One of the things I hate most about modern Leftism is its casual, grotesquely racist assumption that minority children are incapable of hard work, moral standards, excellent performance, and personal dignity. I believe everyone is capable of those things. This doesn’t mean I expect equal outcomes. Different children have different skills, personalities, and interests. Nevertheless, they can all aspire to be their best self, rather than be abandoned to be their worst.
Incidentally, my strong beliefs on this point are why I always say I’m not a racist. I do not define people by something over which they have no control (i.e., their color or sex). Instead, I define them by the core thing over which they do have control: their values.
Part of imparting values to children is giving them an idea of what a life lived according to good values looks like. And yes, I’m being judgmental here. A bad life value is being an MS-13 gangbanger. A good value is working hard, being honest, having a mission in life, never giving up, learning from mistakes, etc.
To help the NLS children see a range of good life value choices, the school has eight speakers a year come and talk to the 6th, 7th, and 8th graders. Past well-known speakers have been MC Hammer and Dana Carvey. The school also brings in people connected to historic events, such as the Secret Service agent who courageously, but unavailingly, threw himself on JFK’s car in Dallas.
Today the school hosted someone else connected to a historic event: Mickey Ganitch. The name may not be familiar to you, but I bet you remember him singing to President Trump during last year’s Pearl Harbor commemoration:
Mickey served on the USS Pennsylvania, not only at Pearl Harbor, but throughout the war. In August 1945, he was ready to be part of the attack on mainland Japan when the atomic bomb brought the war to a swift end. (D.M. Giangreco’s Hell to Pay: Operation DOWNFALL and the Invasion of Japan, 1945-1947 discusses the decisions behind the bombing. You can hear him interviewed here.) In other words, Mickey, 98 years young, was living history for everyone in the room.
I just want to say upfront that we should all age with Mickey’s grace. The video of him singing gives you a very good sense of his mental acuity, his vitality, and his charm. Although his talk might have gone over the children’s heads on occasions, they understood when he talked about a bomb missing him by 45 feet and they felt the grief he still experiences when he thinks about the 20 fellow quartermasters on the Pennsylvania who died next to him when his ship was torpedoed the day before the war ended.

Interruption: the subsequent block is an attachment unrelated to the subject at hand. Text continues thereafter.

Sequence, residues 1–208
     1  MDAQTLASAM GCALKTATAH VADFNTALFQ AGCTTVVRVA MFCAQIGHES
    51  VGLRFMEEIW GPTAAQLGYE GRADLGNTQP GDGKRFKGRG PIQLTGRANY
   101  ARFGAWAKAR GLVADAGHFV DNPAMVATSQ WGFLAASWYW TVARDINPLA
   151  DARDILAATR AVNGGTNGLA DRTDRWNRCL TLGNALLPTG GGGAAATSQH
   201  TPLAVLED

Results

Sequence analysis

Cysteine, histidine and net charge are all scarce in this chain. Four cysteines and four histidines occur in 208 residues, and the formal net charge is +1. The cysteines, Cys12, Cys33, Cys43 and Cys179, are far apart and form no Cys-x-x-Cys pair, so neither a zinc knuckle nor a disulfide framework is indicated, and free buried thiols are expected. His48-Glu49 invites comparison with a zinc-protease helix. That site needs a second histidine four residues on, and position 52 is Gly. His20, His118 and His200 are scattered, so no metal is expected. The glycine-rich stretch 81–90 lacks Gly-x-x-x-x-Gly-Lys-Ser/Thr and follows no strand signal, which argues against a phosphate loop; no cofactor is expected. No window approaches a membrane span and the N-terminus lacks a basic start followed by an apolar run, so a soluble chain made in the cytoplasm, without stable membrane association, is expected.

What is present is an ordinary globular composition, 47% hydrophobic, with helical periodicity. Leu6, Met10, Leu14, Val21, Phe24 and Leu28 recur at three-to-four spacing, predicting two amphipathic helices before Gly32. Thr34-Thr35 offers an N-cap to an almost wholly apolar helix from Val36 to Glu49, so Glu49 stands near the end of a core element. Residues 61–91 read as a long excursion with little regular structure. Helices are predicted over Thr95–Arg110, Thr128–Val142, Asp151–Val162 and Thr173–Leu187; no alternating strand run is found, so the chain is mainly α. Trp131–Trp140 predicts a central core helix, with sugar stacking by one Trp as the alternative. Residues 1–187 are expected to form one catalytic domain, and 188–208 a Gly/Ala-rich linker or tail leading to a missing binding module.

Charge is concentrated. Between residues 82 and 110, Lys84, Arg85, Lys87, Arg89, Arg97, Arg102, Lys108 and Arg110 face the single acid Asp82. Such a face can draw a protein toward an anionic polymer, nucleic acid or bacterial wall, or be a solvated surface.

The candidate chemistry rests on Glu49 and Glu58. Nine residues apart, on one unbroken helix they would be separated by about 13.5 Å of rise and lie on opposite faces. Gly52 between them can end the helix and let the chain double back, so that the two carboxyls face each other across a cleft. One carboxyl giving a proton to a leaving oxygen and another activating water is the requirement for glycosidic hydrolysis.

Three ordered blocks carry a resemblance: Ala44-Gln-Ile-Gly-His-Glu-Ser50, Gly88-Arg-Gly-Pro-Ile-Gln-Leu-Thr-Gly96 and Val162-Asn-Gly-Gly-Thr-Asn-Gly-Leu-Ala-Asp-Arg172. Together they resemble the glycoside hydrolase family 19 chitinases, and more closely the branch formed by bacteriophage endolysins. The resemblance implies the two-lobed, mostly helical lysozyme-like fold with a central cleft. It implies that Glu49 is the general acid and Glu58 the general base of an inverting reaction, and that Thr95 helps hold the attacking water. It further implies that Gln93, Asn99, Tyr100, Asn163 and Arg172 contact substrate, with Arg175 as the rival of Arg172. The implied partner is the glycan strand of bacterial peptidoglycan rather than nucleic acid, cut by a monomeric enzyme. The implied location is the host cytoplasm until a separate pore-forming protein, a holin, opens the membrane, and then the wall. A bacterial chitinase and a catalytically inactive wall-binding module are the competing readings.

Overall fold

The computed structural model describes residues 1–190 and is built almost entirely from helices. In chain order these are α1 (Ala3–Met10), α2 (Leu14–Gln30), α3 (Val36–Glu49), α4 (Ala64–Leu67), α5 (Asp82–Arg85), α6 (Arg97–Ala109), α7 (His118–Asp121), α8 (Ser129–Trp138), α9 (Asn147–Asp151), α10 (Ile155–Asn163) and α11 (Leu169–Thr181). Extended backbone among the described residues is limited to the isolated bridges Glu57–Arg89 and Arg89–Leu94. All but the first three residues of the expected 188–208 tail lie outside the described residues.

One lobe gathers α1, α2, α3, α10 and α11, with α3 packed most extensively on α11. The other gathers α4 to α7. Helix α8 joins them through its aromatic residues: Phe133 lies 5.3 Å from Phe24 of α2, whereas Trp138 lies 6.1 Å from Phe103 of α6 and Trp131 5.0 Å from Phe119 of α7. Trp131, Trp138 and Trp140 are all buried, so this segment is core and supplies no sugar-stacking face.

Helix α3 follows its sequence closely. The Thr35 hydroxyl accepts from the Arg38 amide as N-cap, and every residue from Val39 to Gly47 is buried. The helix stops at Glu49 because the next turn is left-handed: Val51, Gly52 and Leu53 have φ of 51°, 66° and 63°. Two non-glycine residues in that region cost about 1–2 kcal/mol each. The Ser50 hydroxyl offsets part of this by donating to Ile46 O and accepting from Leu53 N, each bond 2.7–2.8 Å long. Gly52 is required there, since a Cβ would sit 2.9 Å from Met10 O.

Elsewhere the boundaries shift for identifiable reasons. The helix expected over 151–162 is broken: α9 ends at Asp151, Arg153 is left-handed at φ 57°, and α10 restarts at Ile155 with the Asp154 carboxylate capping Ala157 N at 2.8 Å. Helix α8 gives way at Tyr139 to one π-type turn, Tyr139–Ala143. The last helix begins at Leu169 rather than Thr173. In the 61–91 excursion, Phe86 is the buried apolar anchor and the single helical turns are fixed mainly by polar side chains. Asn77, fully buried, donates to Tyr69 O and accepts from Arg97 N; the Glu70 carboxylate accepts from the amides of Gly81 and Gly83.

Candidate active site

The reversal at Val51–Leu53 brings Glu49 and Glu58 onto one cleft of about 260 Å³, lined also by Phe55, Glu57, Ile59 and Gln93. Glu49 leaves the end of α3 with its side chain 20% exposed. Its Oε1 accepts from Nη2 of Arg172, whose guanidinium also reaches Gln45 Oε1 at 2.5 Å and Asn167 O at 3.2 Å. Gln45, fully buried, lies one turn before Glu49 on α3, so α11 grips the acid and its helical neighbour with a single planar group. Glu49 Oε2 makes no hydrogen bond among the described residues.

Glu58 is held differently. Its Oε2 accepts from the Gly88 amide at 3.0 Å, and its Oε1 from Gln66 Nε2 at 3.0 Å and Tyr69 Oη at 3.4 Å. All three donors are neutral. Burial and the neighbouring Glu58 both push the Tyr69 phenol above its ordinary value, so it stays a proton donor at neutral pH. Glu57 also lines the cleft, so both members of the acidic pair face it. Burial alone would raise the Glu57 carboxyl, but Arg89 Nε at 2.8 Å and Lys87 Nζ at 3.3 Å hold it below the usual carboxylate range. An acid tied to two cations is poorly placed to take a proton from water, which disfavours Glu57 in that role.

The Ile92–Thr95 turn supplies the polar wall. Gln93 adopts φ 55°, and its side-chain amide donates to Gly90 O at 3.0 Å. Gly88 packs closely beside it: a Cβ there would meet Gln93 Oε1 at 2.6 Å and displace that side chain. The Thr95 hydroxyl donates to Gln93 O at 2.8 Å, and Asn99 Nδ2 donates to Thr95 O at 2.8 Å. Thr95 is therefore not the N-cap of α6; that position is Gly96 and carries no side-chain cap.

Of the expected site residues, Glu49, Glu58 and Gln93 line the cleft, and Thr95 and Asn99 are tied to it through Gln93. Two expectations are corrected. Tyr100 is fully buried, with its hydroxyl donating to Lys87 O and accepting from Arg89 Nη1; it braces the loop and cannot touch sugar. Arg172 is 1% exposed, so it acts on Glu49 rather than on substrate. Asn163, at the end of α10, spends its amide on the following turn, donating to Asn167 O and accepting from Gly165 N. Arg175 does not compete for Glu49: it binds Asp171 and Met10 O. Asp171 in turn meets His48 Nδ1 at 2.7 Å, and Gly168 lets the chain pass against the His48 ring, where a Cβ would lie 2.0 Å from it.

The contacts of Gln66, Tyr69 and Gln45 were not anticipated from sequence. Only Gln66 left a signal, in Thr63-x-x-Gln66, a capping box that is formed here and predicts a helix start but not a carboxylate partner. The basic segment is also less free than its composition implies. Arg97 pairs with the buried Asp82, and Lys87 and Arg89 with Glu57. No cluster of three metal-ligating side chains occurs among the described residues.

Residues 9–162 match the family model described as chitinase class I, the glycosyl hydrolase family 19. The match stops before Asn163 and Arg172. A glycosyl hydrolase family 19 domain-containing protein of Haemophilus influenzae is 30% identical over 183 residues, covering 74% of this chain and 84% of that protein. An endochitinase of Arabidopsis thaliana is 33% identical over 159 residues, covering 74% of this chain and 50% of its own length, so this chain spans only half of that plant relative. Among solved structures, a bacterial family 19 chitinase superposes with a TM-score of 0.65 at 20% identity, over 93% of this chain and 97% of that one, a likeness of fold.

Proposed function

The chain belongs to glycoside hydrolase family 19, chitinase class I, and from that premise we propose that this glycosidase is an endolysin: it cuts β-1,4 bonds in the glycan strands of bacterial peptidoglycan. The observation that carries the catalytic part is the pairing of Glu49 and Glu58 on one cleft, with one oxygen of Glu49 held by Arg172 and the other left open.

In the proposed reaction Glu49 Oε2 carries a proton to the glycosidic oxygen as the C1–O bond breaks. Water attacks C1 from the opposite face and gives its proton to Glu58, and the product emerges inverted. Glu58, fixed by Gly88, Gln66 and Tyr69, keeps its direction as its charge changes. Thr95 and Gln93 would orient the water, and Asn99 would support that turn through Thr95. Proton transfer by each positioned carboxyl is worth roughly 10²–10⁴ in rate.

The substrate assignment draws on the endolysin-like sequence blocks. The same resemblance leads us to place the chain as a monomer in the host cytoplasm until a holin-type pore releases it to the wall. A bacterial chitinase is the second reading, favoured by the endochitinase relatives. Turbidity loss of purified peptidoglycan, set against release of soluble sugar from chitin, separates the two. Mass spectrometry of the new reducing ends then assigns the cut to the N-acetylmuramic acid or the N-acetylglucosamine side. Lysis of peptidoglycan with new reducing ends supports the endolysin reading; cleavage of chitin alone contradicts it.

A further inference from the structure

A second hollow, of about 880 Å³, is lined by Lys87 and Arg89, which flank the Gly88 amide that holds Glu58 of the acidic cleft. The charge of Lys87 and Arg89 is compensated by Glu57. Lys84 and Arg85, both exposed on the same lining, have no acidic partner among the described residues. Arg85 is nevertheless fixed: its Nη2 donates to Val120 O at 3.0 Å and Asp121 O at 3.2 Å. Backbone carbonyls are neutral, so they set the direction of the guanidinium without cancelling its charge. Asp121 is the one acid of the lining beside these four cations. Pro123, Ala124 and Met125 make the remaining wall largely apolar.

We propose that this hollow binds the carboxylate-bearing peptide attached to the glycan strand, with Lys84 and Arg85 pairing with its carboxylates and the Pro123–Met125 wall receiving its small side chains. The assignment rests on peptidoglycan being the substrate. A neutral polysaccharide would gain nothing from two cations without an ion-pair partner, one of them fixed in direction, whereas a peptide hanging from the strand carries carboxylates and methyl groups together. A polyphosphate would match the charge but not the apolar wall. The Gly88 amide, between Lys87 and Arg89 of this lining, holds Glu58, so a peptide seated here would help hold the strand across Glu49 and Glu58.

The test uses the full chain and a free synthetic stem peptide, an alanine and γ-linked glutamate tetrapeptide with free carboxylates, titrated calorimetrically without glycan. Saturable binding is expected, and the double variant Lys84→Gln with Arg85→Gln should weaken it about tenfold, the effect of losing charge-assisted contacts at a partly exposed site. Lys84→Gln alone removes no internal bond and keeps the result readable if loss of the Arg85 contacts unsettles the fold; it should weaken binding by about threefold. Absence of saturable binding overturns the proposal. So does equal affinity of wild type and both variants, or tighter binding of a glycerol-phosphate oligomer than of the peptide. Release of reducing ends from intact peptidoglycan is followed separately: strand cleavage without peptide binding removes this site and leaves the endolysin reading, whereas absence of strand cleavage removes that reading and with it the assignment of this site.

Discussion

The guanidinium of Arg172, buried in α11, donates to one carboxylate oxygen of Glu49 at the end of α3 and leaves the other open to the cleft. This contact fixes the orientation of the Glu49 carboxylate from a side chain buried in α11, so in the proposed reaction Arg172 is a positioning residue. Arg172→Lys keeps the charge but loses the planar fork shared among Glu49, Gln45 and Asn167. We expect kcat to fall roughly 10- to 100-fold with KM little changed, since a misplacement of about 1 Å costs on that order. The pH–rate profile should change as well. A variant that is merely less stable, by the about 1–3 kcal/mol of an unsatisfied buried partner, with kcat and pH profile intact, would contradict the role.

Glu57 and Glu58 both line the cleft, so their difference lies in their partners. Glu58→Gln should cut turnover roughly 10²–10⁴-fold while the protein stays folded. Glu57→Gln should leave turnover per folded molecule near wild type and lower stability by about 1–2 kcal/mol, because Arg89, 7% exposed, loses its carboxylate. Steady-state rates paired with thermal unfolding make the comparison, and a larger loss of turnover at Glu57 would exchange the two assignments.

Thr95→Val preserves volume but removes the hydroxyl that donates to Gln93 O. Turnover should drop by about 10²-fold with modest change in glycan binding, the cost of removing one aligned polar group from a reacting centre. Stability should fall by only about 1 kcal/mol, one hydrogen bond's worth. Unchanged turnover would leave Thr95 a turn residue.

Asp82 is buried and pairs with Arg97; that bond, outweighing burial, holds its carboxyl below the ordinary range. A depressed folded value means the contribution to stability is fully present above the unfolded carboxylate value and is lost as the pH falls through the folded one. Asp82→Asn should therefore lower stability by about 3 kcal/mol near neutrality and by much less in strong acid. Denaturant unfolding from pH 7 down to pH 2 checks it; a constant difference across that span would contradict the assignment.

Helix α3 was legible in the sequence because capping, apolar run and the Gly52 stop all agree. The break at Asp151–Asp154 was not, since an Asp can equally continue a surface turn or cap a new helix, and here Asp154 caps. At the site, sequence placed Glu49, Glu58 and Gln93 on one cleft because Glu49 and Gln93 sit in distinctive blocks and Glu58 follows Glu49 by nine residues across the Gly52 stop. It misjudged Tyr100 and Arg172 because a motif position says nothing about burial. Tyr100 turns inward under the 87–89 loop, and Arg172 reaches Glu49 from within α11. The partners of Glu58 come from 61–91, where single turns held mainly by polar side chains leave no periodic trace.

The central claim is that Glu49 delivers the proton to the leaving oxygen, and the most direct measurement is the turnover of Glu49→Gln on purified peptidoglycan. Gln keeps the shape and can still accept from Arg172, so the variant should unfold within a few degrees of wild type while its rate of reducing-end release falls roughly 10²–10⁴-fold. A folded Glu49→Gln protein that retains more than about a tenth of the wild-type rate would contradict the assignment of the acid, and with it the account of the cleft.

The assembled children (about 30 – 40 of them), were an exemplary audience. They gave Mickey their complete attention and asked intelligent questions when he was finished speaking.
After the talk, the 6th and 7th graders returned to their classrooms. The 8th graders remained for a pizza lunch with Mickey and with those adults invited to attend the lunch (as I was). We adults were asked to eat, not with each other, but with the children. That’s how I ended up dining with three 13-year-old boys.
I cannot say enough nice things about those young men. They had excellent manners, match perfectly the way in which I define good manners: putting another person at ease and making that person feel welcome and valued. The boys had no shyness and willingly answered my questions about their plans when they graduate. They also listened to me politely when I got all excited about history, as I so often do.
Eventually, one of them very diffidently asked me what I thought of Donald Trump. I replied that it would probably shock them, but that I think very well of him.
I made no effort whatsoever to explain to the boys why I don’t think Trump is a racist. That’s an argument with no mileage in it even if you have (as I think I do) the facts on your side. Instead, I told them about something much more important to me: Freedom.
Trump, I said, cannot be as bad as everyone claims he is because he is doing the one thing no tyrant ever does — he is giving up power. I then explained to the boys my theory that there are only two types of government, no matter the name: those that give citizens greater liberty and those that give them less. Trump is doing the former and that’s what I value. I explained, too, that I think the Constitution is a perfect political document, even though it was drafted by imperfect men. The fact that some of them were weak and could not make themselves give up the benefits they got from slavery did not mean that they did not understand the idea of freedom and how best to achieve it.
The boys (again showing good manners) thanked me for presenting an entirely new viewpoint to them.
I’m going to nudge my friend to find out if I can go back to the school. It is spiritually revitalizing to see something done right — especially to see something done right for children who are so often the victims of adults’ worst behaviors and ideologues’ worst instincts.
If you’re feeling a little flush with cash, you might think about donating a few dollars to the school. This is the kind of school that should be encouraged.